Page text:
Multitasking

A recent conversation turned to the topic of cleaning ladies. A woman in our group said, “You know, these women may not speak English well and may not have had much education, but they sure do have some great skills.”

“What do you mean?” the person next to me asked.

“Think of it,” the lady responded. “Here are people, some who literally walked all the way here, who realized that their only option is to clean our homes. Fine. Now each has five or more clients at any one time, often at different locations, and they have to take public transportation, that is, the bus, to get from one place to the next. They also have to deal with children in public school, take care of their household, help their friends and provide for an extended family abroad, all while trying to learn and maneuver an alien world. That’s multitasking and time management right there. Not to mention entrepreneurship!”

While those of us who are fortunate to afford the services of immigrant women tend to brag about how good Marta is at dusting or restocking the fridge and congratulate ourselves on our generosity to these people, we rarely see the potential lying dormant underneath acquiescent, smiling faces that utter broken English. What if these working mothers had the opportunity to learn English well, get an education and enjoy the luxury of having only one job? Advantages most of us take for granted?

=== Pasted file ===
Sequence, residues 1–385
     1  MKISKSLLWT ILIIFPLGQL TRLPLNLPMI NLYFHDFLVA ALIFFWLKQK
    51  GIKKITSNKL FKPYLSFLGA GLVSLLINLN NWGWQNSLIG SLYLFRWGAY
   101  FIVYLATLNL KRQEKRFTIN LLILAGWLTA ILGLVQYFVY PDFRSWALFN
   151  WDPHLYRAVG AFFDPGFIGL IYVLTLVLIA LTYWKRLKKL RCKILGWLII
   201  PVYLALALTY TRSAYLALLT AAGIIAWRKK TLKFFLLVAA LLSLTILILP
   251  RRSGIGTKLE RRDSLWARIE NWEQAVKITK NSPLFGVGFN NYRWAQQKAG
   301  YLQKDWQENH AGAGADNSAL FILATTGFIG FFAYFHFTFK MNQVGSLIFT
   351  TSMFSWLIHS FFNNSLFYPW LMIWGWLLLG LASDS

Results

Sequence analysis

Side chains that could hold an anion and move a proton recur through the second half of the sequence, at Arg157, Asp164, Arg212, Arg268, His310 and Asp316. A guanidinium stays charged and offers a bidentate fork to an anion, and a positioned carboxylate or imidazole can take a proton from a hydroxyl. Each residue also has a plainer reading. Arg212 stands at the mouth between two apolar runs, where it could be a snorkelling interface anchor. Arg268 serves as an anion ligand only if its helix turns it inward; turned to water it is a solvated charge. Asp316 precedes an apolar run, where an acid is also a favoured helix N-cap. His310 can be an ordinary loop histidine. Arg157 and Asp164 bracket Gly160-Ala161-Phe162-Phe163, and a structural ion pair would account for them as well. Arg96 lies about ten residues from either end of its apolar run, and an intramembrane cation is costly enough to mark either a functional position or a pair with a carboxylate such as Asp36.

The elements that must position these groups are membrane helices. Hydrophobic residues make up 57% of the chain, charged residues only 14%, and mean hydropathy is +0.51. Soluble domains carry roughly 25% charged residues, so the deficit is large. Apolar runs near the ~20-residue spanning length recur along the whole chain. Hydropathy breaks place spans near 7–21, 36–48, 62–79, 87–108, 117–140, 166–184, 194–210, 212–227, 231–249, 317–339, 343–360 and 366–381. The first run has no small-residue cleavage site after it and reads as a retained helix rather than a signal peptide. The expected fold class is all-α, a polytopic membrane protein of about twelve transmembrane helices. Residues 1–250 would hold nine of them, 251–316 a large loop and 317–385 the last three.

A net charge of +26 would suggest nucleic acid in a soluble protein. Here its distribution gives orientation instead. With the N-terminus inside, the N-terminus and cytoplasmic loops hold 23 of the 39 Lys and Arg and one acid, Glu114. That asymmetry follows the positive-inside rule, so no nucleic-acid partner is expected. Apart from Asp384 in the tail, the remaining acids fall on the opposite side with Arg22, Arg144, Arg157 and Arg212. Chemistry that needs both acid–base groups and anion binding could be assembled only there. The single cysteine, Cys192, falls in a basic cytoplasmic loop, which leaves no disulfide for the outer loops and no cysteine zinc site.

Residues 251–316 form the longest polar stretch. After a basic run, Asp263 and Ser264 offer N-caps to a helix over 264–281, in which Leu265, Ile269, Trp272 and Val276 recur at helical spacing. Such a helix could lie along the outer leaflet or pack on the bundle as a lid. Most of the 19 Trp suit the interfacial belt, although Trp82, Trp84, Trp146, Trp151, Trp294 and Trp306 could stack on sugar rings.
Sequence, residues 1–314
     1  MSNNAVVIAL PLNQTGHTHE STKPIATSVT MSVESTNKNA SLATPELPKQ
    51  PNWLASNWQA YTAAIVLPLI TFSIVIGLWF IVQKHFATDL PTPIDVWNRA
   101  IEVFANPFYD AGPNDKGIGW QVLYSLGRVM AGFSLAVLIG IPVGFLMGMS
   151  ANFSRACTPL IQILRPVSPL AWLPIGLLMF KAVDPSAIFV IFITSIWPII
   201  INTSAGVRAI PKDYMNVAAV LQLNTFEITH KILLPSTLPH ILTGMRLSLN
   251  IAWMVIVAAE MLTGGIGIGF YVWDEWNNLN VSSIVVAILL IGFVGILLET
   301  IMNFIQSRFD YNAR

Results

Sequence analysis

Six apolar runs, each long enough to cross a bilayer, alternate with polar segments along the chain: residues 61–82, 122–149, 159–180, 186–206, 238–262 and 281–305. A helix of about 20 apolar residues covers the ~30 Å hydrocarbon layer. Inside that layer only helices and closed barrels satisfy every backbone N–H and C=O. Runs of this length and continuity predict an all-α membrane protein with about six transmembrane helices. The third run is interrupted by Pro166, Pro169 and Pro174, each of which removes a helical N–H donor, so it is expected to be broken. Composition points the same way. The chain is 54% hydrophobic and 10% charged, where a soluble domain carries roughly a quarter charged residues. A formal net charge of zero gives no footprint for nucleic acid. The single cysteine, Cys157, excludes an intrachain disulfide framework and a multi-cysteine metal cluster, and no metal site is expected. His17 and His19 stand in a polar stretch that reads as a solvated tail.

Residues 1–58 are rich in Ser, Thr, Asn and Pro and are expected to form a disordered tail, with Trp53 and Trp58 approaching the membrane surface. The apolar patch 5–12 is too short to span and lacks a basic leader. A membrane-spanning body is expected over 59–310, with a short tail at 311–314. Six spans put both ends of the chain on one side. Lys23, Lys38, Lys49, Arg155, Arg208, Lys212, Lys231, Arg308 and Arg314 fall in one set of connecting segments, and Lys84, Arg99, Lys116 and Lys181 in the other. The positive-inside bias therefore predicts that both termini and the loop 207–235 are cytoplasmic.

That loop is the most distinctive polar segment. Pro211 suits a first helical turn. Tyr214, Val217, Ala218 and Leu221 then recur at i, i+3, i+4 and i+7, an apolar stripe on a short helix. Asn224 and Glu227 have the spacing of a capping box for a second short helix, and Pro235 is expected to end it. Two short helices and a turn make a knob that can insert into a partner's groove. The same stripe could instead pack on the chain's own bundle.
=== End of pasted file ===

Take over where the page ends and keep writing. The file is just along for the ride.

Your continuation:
I was reminded of a Filipino woman who cleaned our apartment every other week while we still lived in New York. She was my dentist’s nanny and she cleaned apartments in the evenings and days “off” to make extra cash that she might buy her son a treat or toy every now and then and remit money to her parents and younger siblings. She tries to take her five year old to work whenever she can, but often the boy is left with other women she shared an apartment with in Queens.

I have wondered what if Emily were able to get an American diploma. She was clearly intelligent and pretty savvy. She shared stories of how she learned a lot and fast when she first started working for folks in the Upper East Side. How she realized that she had to stand up and negotiate without losing a job. How she shared notes with other nannies and housekeepers she met in Central Park and at church. How she just had to walk out on a verbally abusive client without another job lined up. She had been in New York for some time when she was referred to me. And did she know how to haggle. I’d like to think that we paid her fairly and more than the going rate.

These hard working women come, like any other immigrant before them, to find work, provide for their families, perhaps better themselves, even find happiness. What if they had more opportunities and better options? I think we would all benefit.

Image from the New York Times. “Immigrant women gather near a corner in Brooklyn, waiting for day-labor jobs cleaning houses. The group illustrated an overlooked reality: Women make up 44 percent of the nation’s low-wage immigrant work force.”

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